Carsten Avenhaus's pantorouter, with gears

Carsten Avenhaus writes:

My goal was to combine the flexibility of the Pantorouter with the easy setup of the Slot Mortising Machine. I also tried to address some of the issues you pointed out in your comparison with Kuldeep's version. So it has a total plunge depth of 17cm using 20" drawer slides from LeeValley.

Template Lift

I wanted the template height to be easily and quickly adjustable without having to worry about getting the templates straight all the time. This gave me the opportunity to use wooden gears on the Pantorouter. :-)

The template height is adjusted by cranking a set of gears on top of the template frame. The gears have a ratio of 4:1 and drive two threaded 3/8" rods with 16 threads per inch. So one turn of the main gear raises the template by 1/4 inch, which translates to 1/8 inch of the router bit. As you pointed out, threaded rods from the hardware store are not always very accurate, but I checked with a caliper before I bought them. The two rods are cut from the same piece, so this should ensure the template is raised by exactly the same amount on both sides. The threaded rods are mounted with ball bearings on the top and bottom. They raise and lower two wooden blocks using T-nuts similar to your Long-reach wooden C-clamps. I used some hot glue on the upper nut to eliminate vertical play. Instead I should have just used screws to hold the lower nut in place, but I only noticed the problem after assembly. Oh well, some alcohol will make it easy to get the hot glue off. The wooden blocks have threaded inserts for the template holder that will slide up and down.
The gears were designed with your Gear Generator and are cut with a laser cutter. I have made wooden gears by hand before for some of your other projects. The laser cutter can only cut stock up to 6mm, but that's enough for this application, and it's really precise and convenient.
Overall I am quite happy about how this mechanism turned out and
how smoothly it operates.

Adjustable Slot Template

The Slot Mortiser has sideways stops to set the length of the slots. I replicated that functionality by creating an adjustable slot template. It is basically a T-track that the follower rides in. T-nuts on both ends limit the sideways motion of the follower and router. The T-nuts are made from maple with cut off #8 screws. The low profile star knobs are maple with a #8 hex nut and washer glued in.

Tilting Table

The table tilts a full 90 degrees. It is mostly based on Bill Kraft's design, but I wanted all the controls to be accessible from one side. So I used a locking mechanism based on your tilting router lift, which only requires one knob to lock both sides. I was a bit worried about sideways play in the tilting mechanism. So I cut threads on the 3/16 rod and added another knob to tighten it up at the front. The opposite side is held in place by a T-nut with lock nut.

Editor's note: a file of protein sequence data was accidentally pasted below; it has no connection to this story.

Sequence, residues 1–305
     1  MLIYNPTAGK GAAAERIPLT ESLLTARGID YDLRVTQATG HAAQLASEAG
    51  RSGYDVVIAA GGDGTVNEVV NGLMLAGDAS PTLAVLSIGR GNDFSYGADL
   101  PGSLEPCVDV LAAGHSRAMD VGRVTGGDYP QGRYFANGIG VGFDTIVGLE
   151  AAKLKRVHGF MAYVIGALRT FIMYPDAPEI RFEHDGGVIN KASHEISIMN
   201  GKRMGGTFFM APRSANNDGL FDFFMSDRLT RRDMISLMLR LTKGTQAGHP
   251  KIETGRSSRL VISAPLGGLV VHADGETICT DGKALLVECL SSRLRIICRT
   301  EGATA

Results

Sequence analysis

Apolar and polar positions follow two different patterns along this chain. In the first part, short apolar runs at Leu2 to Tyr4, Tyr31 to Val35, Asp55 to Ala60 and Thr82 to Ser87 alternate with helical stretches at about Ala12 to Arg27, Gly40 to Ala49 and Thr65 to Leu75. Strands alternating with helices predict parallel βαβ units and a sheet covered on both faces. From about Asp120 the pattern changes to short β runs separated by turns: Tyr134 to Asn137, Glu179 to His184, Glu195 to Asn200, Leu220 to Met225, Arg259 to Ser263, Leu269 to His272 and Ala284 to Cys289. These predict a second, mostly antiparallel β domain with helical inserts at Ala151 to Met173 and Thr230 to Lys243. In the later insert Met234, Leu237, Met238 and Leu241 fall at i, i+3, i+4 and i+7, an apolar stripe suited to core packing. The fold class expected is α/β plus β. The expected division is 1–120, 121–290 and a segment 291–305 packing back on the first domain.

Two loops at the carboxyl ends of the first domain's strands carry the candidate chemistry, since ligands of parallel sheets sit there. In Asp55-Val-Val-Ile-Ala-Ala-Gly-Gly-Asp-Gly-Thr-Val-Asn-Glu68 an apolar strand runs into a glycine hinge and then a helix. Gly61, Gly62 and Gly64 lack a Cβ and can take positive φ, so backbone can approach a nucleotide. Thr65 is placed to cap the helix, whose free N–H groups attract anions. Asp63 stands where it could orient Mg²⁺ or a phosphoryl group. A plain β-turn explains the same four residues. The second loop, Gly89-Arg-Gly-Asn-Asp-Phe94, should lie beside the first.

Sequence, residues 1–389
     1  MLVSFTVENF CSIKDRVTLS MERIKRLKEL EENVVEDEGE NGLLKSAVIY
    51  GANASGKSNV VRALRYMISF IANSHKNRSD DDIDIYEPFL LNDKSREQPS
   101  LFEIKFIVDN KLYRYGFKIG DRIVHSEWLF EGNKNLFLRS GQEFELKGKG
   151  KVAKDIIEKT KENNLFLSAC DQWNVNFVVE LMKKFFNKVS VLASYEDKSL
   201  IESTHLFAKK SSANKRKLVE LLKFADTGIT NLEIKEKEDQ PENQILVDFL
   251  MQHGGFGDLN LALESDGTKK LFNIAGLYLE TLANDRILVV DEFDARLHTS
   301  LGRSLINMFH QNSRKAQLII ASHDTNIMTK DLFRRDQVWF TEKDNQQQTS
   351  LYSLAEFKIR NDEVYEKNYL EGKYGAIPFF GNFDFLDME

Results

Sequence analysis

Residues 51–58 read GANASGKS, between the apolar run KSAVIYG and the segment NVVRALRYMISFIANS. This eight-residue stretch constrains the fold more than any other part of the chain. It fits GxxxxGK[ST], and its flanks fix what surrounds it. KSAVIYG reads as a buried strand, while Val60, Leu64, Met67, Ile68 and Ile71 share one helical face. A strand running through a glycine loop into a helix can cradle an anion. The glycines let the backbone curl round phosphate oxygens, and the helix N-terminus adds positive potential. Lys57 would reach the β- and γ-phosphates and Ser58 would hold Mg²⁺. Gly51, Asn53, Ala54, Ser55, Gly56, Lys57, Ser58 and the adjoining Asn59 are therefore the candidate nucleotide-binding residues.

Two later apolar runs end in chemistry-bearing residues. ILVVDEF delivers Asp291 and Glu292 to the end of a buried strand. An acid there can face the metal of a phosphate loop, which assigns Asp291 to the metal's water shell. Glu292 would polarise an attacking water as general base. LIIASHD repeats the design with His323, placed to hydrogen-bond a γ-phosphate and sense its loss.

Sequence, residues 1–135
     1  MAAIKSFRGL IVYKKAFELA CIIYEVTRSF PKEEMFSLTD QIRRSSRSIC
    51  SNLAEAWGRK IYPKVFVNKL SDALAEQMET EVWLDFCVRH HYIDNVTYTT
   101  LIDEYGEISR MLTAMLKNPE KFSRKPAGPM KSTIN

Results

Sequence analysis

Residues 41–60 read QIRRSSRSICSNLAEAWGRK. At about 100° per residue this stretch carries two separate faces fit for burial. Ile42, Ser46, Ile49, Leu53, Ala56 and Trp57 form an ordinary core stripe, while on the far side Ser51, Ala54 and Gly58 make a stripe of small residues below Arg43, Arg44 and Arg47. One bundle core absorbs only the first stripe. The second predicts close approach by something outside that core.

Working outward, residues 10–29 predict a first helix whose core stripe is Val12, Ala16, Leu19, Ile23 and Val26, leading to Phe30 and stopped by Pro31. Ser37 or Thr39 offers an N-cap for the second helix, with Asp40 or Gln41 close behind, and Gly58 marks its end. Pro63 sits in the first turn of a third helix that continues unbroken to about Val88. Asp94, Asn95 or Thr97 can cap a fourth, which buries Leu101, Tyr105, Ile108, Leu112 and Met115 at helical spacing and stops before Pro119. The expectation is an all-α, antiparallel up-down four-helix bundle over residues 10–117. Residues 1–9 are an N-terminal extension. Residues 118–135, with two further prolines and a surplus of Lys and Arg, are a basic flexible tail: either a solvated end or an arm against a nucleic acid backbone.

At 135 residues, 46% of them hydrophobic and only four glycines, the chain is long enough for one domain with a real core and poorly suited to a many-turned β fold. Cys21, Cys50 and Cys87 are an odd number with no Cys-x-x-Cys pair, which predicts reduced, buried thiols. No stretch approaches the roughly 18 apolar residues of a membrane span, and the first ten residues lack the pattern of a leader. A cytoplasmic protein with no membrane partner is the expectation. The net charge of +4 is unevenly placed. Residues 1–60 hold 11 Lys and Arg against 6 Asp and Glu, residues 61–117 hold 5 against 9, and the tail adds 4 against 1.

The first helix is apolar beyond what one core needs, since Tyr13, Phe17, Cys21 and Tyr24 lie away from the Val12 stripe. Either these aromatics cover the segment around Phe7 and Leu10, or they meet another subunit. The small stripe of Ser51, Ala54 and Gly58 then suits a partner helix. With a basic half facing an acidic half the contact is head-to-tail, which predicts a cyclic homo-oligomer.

Depth Stops

The depth stops are accessible from the operator side as well. Two stop blocks slide on two 1/4" rods. Because of the longer drawer slides there was no space under the table anyway. It's very easy to use a caliper with them.

Plunge Lever

I needed to adjust the plunge lever a few times. At first I tried to raise the pivot point to give me a greater range of motion for the longer drawer slides. But that made the bracket interfere with the router. I did make the bracket a bit deeper though, so that helps a little. The bracket interfered with the spring so I cut away that corner. I also needed to account for the additional space required for the lifting mechanism and the gear on top.

Conical Followers

I already had a number of followers from the 3-D router pantograph and wanted to use them for the Pantorouter as well. So I stuck with the 3/16 (4.8mm) shafts. 1/4 might have been better for increased stiffness, but it's nice to be able to exchange followers. I first made a beveled template, but then decided that conical followers are easier to make and the chance of screwing up is also less. With the help of a miter gauge its easy to make fairly consistent conical followers with the belt sander.


I got two of the self adjusting Bessey clamps a while ago and finally found a good use for them.


The clamps and the fence are held to the table with oak star knobs that have 3/8" hex bolts embedded in them. The star knobs consist of four layers that are laminated together. The end product looks and feels very nice. I also made some small 1/4" star knobs for the template holder. The hex bolts easily slide out, so I can use different length hex bolts with them. Finally there are low profile #8 star knobs for the T-nuts of the slot template.

More of Carsten's projects:

See also: